Why it’s Imperative to Keep a Parenting Log

Going through a custody battle or divorce is never easy. Even if you and your ex have your child’s best interests in mind, there could still be a plethora of arguments and disagreements. No parent wants to lose custody of their child, but every situation is different, and it’s important to have a parenting log to prove your side when you go to court.

Your parenting log should contain any information that will help you make a case for yourself when it comes to court. For example, you could write down dates of visitation for you and your ex. You could write down how much child support was paid and when it was paid. You could write down the items you paid for or bought for your child, such as tuition, school clothes, doctor visits, etc. You could also write down any issues with the ex, whether your own issues or issues your child has brought up. You can also include missed visitation dates or times that your Ex refused visitation. All these incidents could possibly be brought up in court should your attorney or document prepare decide to use it.

Along with just writing down your notes, you’ll want to include as much proof as you possibly can. For example, if you and your ex talk via text message or email, save any texts or emails that are proof to any of your documentation. This way, you have proof of what your ex said and it’s not just hearsay. If you have notes from your child’s teacher that discuss your child’s feelings toward your ex, you can also save those too. The more documentation you have, the better your parenting log will be.

In most cases, a judge is not going to personally look through your parenting log, which is why many parents often wonder if it’s even a good idea to keep one. Even though the judge will not look through it, a parenting log is a great idea for the following reasons.

It gives you proof during court proceedings.
Although the judge will not look at your parenting log, your attorney will, and this can help you make a case for yourself when it comes to court. For example, if you have sole custody of your child and your ex hasn’t paid you child support, you can use the info from your parenting log as proof to your attorney who can use this information during court to force your ex to pay you.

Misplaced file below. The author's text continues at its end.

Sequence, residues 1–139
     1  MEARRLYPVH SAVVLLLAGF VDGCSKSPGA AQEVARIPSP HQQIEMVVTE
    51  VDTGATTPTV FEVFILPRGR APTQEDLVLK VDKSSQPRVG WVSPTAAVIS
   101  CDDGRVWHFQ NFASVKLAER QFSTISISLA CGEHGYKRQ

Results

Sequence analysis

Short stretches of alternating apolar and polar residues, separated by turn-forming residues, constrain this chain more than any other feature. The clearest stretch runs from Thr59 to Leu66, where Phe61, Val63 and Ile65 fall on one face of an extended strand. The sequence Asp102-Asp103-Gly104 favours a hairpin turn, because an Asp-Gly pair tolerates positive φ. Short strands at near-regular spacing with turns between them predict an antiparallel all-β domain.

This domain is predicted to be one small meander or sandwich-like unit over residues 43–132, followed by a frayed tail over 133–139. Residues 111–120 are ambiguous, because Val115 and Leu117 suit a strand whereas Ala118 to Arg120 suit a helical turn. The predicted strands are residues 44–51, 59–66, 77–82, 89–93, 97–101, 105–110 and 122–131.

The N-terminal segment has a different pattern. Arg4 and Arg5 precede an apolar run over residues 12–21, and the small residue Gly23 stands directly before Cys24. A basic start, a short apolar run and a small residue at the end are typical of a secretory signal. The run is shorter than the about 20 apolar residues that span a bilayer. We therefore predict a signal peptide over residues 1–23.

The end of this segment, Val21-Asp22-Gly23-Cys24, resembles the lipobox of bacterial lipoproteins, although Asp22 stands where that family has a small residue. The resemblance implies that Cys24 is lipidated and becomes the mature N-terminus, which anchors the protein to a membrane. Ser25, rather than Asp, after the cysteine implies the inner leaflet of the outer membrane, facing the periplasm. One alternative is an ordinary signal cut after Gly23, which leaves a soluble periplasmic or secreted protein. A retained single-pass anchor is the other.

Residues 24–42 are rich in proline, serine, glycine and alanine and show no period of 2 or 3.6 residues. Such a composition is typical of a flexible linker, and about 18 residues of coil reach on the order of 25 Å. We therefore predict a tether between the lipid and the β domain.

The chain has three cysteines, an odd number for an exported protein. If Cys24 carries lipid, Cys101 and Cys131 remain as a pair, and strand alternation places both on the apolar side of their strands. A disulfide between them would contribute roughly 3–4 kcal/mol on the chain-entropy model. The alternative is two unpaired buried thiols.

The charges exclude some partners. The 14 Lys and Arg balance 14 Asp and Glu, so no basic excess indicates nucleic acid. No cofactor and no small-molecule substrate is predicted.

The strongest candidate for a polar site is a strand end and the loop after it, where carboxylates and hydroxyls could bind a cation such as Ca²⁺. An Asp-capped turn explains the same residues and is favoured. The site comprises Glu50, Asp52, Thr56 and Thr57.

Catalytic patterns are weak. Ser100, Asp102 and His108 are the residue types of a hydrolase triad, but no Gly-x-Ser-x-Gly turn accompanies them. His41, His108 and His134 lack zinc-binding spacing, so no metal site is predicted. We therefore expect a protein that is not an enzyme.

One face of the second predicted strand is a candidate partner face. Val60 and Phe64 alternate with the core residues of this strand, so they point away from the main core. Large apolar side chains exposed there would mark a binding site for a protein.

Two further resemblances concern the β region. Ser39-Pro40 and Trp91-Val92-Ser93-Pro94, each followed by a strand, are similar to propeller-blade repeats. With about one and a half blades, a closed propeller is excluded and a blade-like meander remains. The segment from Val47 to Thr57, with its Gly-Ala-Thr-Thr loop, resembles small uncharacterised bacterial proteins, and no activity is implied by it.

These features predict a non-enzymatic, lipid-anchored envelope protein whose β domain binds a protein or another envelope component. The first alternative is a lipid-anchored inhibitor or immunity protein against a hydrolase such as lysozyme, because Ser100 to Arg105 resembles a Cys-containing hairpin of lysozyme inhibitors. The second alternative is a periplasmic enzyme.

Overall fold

You can also use the parenting log if you’re not the parent with sole custody. For example, if your ex has sole custody of your child, but you see your child more often than every other weekend and pick up the tab for more items outside of your child support, you could use this information to petition for joint custody. Your attorney can use this information to prove that you deserve to have joint custody of your child, and it could help you win your case.

It provides proof after your child turns 18.
Sometimes a custody battle can continue even after your child has turned 18. For example, if you paid your ex in cash, and they’re a money-hungry troll, they may take you to court and say that you owe them back child support. However, your parenting log can provide proof that payment was made, which can help you.

It can help your child.
Sometimes, a child may decide that they want to live with the noncustodial parent. In most cases, the custodial parent will do everything they can to prevent this from happening. If you are ever in this situation, you can use your parenting log to help your child. If you’re the noncustodial parent, you can use your log to prove why your child should live with you. If you are the custodial parent and you truly believe your child is making a big mistake, you can use your parenting log to prove why.

No matter your situation, a parenting log is there to help provide proof and documentation of your parenting and your ex’s participation with your child.

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